A CPU agent can be as small as the following single line:

eval `vmstat 1 3 | tail -1 | \
    awk '{if ($16 < 1) { print \
    "emsg -n eemuserv -p 1 965 \
     -c LINUX/CPU -t 7m -s 1 \
     -o \"count 5\" \
     -m \"CPU is 100% utilised\""}}'`

The above line retrieves the CPU idle time from a vmstat output and if the idle time is less than 1% it sends a count eEMU message with a lag of 5. If five such messages are received in a row, an alarm is raised.

In order to expand the usability of eEMU, the query message was equipped with a file download option. As a result, a file can be downloaded from the eEMU server. This feature can be used for software or script distribution but also for ad-hoc remote job execution. The following simple task distribution agent regularly (from cron) checks if there is a specific script in the download directory on the server. If there is a script for download, it is downloaded and executed.

RET=`emsg -n eemuserver \
    -p 1965 -w icecream -o query \
    -m "FILE dumbo.job" | \
if [ "$RET" != "none" ];then
    chmod 700
In the above, the downloaded script is displayed by emsg on the standard output and subsequently saved in for later execution. If there is no script for download on the server, emsg returns string ``none'' and the body of the ``if'' statement is not executed. Notice that we do not need to log into the remote system to perform the task. For a site with many systems, the script or file distribution feature can provide great benefits for day-to-day system administration.

eEMU Action Scripts and Automation

Without action scripts, alarms can be viewed on the eEMU browser but there cannot be any automation. One of the major benefits of monitoring systems is that a corrective action or alarm escalation can take place automatically without human intervention. eEMU action scripts can be written in any programming or scripting language. The scripts are called in the background, whereby message attributes are passed to it as environment variables. Korn shell, Perl, Python, Tcl or Visual Basic are examples of excellent scripting languages that can be used with eEMU.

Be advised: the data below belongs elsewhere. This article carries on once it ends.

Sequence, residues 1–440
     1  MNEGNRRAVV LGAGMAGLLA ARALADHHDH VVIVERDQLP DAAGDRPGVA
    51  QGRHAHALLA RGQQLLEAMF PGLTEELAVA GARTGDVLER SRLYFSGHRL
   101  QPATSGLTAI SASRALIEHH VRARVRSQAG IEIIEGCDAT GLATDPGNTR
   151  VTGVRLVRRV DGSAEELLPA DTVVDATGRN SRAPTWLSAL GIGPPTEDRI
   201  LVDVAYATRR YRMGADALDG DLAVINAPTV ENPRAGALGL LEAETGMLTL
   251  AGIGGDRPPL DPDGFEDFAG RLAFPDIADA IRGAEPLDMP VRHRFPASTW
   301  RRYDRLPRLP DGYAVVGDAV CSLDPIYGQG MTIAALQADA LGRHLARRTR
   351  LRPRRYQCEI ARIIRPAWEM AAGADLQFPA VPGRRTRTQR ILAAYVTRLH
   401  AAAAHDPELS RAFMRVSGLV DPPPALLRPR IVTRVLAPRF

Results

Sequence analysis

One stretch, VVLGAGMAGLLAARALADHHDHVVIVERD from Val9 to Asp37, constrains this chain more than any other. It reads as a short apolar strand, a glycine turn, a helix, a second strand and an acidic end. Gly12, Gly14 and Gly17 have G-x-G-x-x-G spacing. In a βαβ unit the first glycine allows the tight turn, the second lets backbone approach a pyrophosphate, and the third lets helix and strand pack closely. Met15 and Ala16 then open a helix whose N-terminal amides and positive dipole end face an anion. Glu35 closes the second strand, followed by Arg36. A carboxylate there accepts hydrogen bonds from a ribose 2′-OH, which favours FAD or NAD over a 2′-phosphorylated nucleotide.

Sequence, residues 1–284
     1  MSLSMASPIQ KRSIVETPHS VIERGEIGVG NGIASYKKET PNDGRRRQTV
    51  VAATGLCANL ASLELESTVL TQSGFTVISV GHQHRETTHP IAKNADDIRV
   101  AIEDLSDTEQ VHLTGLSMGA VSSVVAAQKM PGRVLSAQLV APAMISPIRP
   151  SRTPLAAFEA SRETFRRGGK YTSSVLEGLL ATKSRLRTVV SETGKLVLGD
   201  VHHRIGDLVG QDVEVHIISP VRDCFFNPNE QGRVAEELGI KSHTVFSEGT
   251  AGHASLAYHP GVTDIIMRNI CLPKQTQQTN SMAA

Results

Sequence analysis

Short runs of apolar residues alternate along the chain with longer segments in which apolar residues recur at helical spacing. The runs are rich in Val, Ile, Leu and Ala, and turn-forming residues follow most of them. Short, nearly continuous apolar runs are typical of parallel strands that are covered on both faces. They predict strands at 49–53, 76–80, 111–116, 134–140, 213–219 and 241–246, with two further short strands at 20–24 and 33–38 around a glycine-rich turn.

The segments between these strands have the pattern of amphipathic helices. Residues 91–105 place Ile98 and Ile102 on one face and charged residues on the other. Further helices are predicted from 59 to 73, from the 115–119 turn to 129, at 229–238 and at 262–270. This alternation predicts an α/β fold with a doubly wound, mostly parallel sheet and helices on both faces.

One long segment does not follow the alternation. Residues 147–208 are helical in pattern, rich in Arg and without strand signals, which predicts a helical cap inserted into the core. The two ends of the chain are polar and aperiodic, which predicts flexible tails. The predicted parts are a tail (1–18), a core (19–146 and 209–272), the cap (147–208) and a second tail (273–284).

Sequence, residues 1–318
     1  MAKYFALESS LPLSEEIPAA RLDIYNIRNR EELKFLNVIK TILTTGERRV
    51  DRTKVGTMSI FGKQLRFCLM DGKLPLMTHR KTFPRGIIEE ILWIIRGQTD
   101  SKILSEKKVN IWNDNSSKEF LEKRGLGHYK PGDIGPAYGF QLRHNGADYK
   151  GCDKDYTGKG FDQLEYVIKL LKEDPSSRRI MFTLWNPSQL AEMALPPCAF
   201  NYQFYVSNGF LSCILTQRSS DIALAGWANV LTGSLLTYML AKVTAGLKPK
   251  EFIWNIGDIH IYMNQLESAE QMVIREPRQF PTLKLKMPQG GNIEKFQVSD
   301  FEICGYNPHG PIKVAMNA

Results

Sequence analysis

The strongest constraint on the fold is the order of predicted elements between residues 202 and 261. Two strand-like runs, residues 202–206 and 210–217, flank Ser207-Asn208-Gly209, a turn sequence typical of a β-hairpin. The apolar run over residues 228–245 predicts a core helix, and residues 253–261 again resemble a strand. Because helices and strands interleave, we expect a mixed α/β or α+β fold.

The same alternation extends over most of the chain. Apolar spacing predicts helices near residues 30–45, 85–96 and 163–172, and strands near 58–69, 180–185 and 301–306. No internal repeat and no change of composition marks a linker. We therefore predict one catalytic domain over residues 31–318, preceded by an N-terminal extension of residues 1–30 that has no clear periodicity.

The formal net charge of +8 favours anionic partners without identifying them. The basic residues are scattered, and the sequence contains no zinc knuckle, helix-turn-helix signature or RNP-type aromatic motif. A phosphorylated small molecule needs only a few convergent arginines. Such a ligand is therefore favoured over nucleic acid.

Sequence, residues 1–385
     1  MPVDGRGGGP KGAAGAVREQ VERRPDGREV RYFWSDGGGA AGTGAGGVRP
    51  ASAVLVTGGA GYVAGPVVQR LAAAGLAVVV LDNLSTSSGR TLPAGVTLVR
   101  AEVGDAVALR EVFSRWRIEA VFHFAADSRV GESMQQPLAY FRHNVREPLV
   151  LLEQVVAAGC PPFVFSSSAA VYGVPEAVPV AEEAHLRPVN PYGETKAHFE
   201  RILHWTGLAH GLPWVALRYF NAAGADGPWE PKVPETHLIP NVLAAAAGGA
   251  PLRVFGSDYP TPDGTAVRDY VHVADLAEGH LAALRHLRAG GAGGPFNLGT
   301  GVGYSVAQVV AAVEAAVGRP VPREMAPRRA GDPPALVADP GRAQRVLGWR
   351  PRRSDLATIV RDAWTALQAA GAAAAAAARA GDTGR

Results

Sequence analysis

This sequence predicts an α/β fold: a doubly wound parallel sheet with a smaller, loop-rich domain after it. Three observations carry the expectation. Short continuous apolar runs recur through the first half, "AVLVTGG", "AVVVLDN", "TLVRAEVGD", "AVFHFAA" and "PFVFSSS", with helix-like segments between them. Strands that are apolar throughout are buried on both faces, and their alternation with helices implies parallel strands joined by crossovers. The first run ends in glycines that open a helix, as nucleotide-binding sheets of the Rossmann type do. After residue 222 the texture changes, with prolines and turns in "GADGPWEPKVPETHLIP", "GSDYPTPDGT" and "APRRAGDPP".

eEMU features three action scripts: input, output and delete. The input action script is called immediately on receipt of a new message. If the input script returns a value greater than 0, the message is discarded. The input script can be used for message replication or to supplement security and let in messages from specified hosts only.

The output action script is called for every message processed by eEMU except for delete messages. Delete messages invoke a separate script called ``delete action script''.

An exhaustive group of environment variables is provided for all the three action scripts, thus alarm actioning can be easily coded. There is no limit on what can be done in action scripts. emsg can also be used in action scripts to query the eEMU database, read a file or send a new message to eEMU. Care must be taken to avoid infinite message loops.

With a combination of resource IDs, message classes and message severity, call logging or paging is simple to achieve through action scripts. For example, to send a page if an alarm of severity 1 occurs, the following output action script can be used:

if [ $E_SEV -eq 1 -a $E_COUNT \
   -eq 1 -a $E_TYPE = "normal" ];then
 /usr/local/bin/page \
             $E_CLASS $E_HOST $E_MSG

The first occurrence of a normal message (E_TYPE) with severity 1 (E_SEV) calls the /usr/local/bin/page script. The script can page the appropriate staff based on the message class (E_CLASS).

Using eEMU

While syslog and e-mail has been in use for some time and as such are powerful, proven messaging tools, they do not provide enough flexibility for dynamic monitoring in ever changing environment. With the messaging arsenal eEMU provides it is possible to build simple powerful agents not only for the system and hardware, but most importantly for applications. It is increasingly necessary to monitor various applications. This task is not easy with system agents provided with most other monitoring solutions. The eEMU messaging language is expressive enough to capture most typical scenarios in application monitoring. Such scenarios are dynamic masking out alarms, measuring application response times, catching overtime or hung business processes, identifying crashed scripts, synchronising batch job etc. Since eEMU agents do not, in most cases, have to store the resource status information, all that needs to be done is transform the monitoring case into the eEMU messaging language and if necessary, deploy the provided standard agents, e.g. the log agent, directory agent and process agent.

The eEMU server is a powerful implementation that has a minimum demand on operating system resources. E.g. the message database on disk does not typically grow beyond 500 kB. Action scripts are simple to implement. Action scripting is designed for easy integration with other products, such as paging software or third party messaging.